“Kept getting into trouble. Parents thought a fresh start might help.” Marisol adjusted her wig with a quick tug and pull.

“Dalton Reyes?”

“Yes, no longer that sweet, little, shy boy we all knew.”

“So why is his college-aged sister staying there, too?”

“She’s been commuting to school, and Gloria and Dave want an extra pair of eyes on him when they’re not around.”

“He’s not five.”

“That’s how they treat him, though. I don’t blame the kid for acting out. They’ve kept the poor kid on the shortest leash since…”

“That day?”

“Yeah, insanely over protective. Never let him go to his friends’ houses – couldn’t even play video games. That’s what I hear at least.”

“That sucks.”

“They do it out of love because they’re so afraid of losing him or something bad happening, but I’m sure it can be a little suffocating.”

“So if his mom is so overprotective, why would she leave him?”

I didn’t get an answer before the rise of a palm shut me up. Bingo had begun.

I needed to know more. Why did they all think I shouldn’t know this? Why should I stay away? And why did Dalton’s mom go with his dad?

I tried to keep up with the bingo – G-1, B-6, so on – but my mind wouldn’t stay in the church basement. My grandma won seventy-five dollars. Marisol only won ten. She was mightily pissed. I won nothing but an ache in my chest.

Chapter Three

When I arrived at school, Caroline loitered in the hallway. She’d tried calling the night before, and I texted the word bingo. She understood. “So is he living with his grandma, then?” She didn’t even have to say who she was talking about.

“Why don’t you ask him?”

“Word is that he’s not the most sociable person. So is he?” Caroline asked, brushing her hair out of her face and neatly tucking it behind her ear. She leaned against the locker next to mine. A blue locker, against a blue wall. The school must have thought poorly of its students’ intelligence levels and color-coded all the hallways. Guess what they called that hallway? Caroline’s locker was in the yellow hallway.

“Sociable, I couldn’t tell you.”

“No, living with his grandma.”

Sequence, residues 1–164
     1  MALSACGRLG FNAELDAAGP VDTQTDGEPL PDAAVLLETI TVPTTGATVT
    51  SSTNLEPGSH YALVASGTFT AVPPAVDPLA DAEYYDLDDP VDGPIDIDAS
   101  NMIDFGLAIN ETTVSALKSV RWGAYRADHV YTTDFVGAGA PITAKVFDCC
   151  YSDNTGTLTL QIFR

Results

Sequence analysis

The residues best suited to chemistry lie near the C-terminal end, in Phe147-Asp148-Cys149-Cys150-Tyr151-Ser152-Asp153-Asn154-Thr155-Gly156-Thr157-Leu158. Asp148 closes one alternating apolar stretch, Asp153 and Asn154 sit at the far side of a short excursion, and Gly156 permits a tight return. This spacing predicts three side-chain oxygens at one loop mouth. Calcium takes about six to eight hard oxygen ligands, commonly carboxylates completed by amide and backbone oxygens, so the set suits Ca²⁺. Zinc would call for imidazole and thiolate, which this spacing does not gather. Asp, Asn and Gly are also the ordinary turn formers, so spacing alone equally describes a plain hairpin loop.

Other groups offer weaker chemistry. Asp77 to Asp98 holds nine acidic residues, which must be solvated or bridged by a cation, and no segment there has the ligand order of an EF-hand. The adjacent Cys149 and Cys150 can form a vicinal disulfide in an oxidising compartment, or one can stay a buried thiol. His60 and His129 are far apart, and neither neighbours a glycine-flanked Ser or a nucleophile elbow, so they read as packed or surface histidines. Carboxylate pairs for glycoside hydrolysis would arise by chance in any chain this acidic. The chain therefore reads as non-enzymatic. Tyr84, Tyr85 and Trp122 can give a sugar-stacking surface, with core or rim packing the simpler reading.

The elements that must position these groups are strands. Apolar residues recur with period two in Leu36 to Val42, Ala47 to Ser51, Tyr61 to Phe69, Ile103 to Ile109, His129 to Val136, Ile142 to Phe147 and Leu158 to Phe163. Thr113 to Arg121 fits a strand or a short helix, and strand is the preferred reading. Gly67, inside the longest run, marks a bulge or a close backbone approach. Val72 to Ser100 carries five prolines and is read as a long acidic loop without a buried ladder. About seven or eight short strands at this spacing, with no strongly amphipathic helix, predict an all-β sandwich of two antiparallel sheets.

“Yeah, for a while. Him and his sister.”

“Should we invite him to have lunch with us? You two can catch up.”

“I didn’t know him like that. We only hung out once.”

“Well, maybe you can pick up where you left off.”

“Not happening.”

“Why not?”

“He won’t be interested.”

“Why do you always sell yourself short?”

I shrugged. I didn’t think I sold myself short. I honestly thought because of what happened he wouldn’t want to be near me. I’ve had boyfriends, or more like I’ve dated a few guys. Once we got to what would be the boyfriend/girlfriend stage, I usually broke up with them because keeping up with my lies was just too much for me sometimes.

“Hey, do you know what he is?”

“A teenage boy, I do believe.”

“No, I was talking to Jess and Luiz about his ethnicity. He looks kind of exotic.”

“He’s not a car. You call cars exotic, not people.”

“Okay, but seriously, you know what I mean.”

“I’m going to stop being your friend now.”

Caroline frowned. “He has the sexiest eyes,” she said, her frown turning upside down.

“I’m going to class.”

“But you know,” she said.

“Yeah. Don’t you have to go drink some prune juice?”

Caroline put her hands on her hips. “Don’t hold my acting excellence against me. So…”

“It’s not like some huge secret or something. He’s Filipino and Polish.”

“I think that equals hot.”

“He’s not that hot. He’s pretty average looking.” Lies.

“You’re in denial.”

“Sure, but yeah, now I’m going to class.” I turned, and there he was again. His locker must have been down the hall from mine. His backpack pulled his long-sleeved t-shirt taut. He had a well-defined chest. Dalton Reyes was no longer the tiny, eleven-year-old kid with whom I’d once spent a day. He was…well, he was kind of taking my breath away.